SiNode Raises Seed Funding To Give Batteries More Juice

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Looking to develop a technology that gives batteries more capacity for energy storage and boosts the rate at which they charge, early stage company SiNode has raised new seed financing from the Chicago-based investor, Energy Foundry.

Using a technology developed at Chicago’s Northwestern University, SiNode is trying to update the anode material used inside the lithium ion batteries that power everything from power tools, to laptops, cellphones, and tablets, to electric cars.

For years, massive companies like 3M have been working on new anode technologies that would increase the storage capacity and charging rates of batteries, while also making them lighter. Unlike traditional lithium ion battery anodes, which use graphite, SiNode is using a combination of silicon and graphene in a new layered structure.

As this Chicago Tribune article from earlier in the year reported:

SiNode is commercializing a patented process developed by Northwestern professor Harold H. Kung that increases the absorption of anodes, one of the electrodes that send electrons into an electrical device. The result is a latticework of silicon and graphene produced on the cheap with a porous microscopic surface that holds more charged lithium ions – and thus more electric charge.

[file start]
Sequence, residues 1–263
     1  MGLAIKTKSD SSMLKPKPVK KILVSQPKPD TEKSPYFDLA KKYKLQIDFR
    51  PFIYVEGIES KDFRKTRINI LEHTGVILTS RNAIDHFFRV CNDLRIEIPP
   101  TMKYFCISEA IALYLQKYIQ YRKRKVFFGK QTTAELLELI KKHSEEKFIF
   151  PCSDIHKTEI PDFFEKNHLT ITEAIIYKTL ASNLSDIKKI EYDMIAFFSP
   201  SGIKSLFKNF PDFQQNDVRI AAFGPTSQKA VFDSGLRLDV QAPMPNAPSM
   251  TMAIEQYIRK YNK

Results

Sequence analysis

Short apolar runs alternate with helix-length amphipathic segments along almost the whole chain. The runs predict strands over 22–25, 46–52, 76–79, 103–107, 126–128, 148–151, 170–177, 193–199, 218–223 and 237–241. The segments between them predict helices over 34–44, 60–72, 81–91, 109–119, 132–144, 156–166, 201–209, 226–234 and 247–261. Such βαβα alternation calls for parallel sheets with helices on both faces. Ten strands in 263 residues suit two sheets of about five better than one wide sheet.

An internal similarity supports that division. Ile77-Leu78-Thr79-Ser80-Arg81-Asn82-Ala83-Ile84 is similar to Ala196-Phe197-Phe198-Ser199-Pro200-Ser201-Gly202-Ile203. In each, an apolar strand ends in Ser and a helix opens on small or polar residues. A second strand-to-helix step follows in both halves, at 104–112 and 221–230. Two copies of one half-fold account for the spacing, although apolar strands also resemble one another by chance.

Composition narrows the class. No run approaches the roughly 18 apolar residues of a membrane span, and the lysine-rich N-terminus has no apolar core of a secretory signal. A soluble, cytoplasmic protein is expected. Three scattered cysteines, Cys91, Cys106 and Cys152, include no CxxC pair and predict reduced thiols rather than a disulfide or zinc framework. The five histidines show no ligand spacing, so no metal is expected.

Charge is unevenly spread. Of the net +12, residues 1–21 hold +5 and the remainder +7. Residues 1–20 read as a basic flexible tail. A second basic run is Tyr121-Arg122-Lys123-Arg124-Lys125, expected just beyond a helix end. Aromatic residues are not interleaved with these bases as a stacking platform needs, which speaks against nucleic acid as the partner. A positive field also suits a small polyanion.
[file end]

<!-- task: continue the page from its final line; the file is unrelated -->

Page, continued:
Its potential customers are battery companies and consumer electronics makers, lured by the promise of higher energy densities and improved battery performance: The porous anodes suck up more charged particles faster, filling up cell-phone batteries in 15 minutes or so, and hold charges longer.

The deal is the third investment from Energy Foundry, which was formed with a $25 million donation from ComEd and Ameren — the two biggest utilities in Illinois. In 2011 the state of Illinois passed a $3.2 billion bill requiring the two utilities perform a complete overhaul of the state’s grid.

As part of the bill, Energy Foundry was created as a non-profit independent investment vehicle, backed by a commitment from both utilities.

Since its official launch in February 2013, Energy Foundry has made four investments — in Root3 Technologies, a developer of software which manages the use of heating and cooling devices in central utility plants; Intellihot Green Technologies, the developer of a tankless hot water heater technology; an undisclosed renewable energy project developer, and SiNode.

There are two tiers to Energy Foundry’s investment approach. The firm will invest between $100,00 and $250,000 in early stage projects and can invest from $500,000 to $750,000 in more mature companies. Commitments from the Energy Foundry max out at $1.5 million.

“There’s a whole lot of activity around energy technology development that has happened that has been under the radar,” said Sara Hochman, a managing director of the Energy Foundry.

Photo via Flickr user UCL Mathematical and Physical Sciences